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How does your energy consumption compare to last year?

If your consumption comparable to last year's use at this time? Your bill statement shows an energy consumption history chart that compares the previous year's consumption to your current consumption. 

Is the year-to-year comparison similar? If not, has anything changed from this year to last year?

We have compiled a list of questions for you to review.

  • Has anything changed?

  • Are you living in the same house as last year?

Energy use can vary widely from home to home so it’s difficult to compare different houses. Homes can different levels of insulation, heating sources, shapes, and structure. The houses may even be facing a different direction that skews how it retains or loses heat.

  • Do you have same number of people in the home?

  • Are people spending more time at home?

The number of occupants impacts the amount of energy consumption.

  • Did you have visitors?

  • Did your child become a teenager who now takes long showers and leaves the lights on?

  • Did someone start working from home?

  • Did someone have an illness or health issue requiring them stay home more often or is there a new baby in the house?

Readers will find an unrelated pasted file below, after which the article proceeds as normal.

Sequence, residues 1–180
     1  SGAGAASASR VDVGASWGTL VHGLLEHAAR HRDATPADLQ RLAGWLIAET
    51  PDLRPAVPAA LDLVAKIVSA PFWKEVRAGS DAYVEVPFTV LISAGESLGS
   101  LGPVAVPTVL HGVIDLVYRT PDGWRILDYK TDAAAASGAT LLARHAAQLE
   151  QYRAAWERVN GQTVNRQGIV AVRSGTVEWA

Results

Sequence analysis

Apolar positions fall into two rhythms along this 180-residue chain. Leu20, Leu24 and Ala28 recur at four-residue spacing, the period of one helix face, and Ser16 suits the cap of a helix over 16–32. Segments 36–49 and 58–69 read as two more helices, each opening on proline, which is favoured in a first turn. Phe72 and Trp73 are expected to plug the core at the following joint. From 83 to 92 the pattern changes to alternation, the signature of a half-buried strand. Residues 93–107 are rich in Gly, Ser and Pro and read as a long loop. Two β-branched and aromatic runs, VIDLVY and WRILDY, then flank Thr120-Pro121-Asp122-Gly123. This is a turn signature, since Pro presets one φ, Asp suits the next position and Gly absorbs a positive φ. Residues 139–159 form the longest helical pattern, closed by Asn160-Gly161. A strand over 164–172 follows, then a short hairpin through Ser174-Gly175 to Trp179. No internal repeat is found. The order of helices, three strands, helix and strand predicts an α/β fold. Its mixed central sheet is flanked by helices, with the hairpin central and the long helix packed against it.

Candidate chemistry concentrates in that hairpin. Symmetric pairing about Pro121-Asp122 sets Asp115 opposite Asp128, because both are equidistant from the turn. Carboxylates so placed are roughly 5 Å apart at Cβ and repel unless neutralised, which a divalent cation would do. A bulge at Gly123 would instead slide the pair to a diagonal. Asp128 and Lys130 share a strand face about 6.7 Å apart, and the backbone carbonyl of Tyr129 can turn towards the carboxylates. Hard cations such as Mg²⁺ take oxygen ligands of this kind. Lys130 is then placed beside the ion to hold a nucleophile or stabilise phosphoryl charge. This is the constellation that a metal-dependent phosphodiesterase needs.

During the holidays, students are home more often, and guests are in the house, so we tend to run the furnace more often leading to more unaccounted for energy use. While enjoying company and family is a pleasure, there are more dishes to wash, meals to cook, showers to take, and laundry to wash, all of which use more electricity.

  • Are there any new appliances or “toys” in the home?

  • Did you buy anything new this year like a hot tub or landscaping feature?

  • Is there a new aquarium or other hobby?

Perhaps you’ve plugged in a RV that wasn’t previously connected. Think about refrigerators, freezers and other appliances in your garage.

  • Is anything malfunctioning or broken?

Sometimes malfunctioning hot water heaters, hot tubs, electric furnaces or other large appliances are malfunctioning and using excessive energy.

  • What appliances are using power?

Turn all breakers off and turn them back on one at a time to isolate areas of the home using more power. Appliances will pull more power than expected and may have something not working properly. If you suspect this, call an electrician for help in finding out what the problem could be.

  • Is anyone using space heaters?

Portable electric space heaters use a lot of electricity and are notoriously expensive to run especially if you have more than one.

  • Where did set your thermostat?

  • Is your thermostat accurate?

You may be keeping your home warmer than you think which would account for a higher energy bill. We recommend a setting of 68 degrees during the winter. For each degree lower you can look forward to a 3% reduction in your energy use. To determine if your thermostat is working properly, take a temperature reading with a thermometer near your thermostat. See if they are the sane readings.

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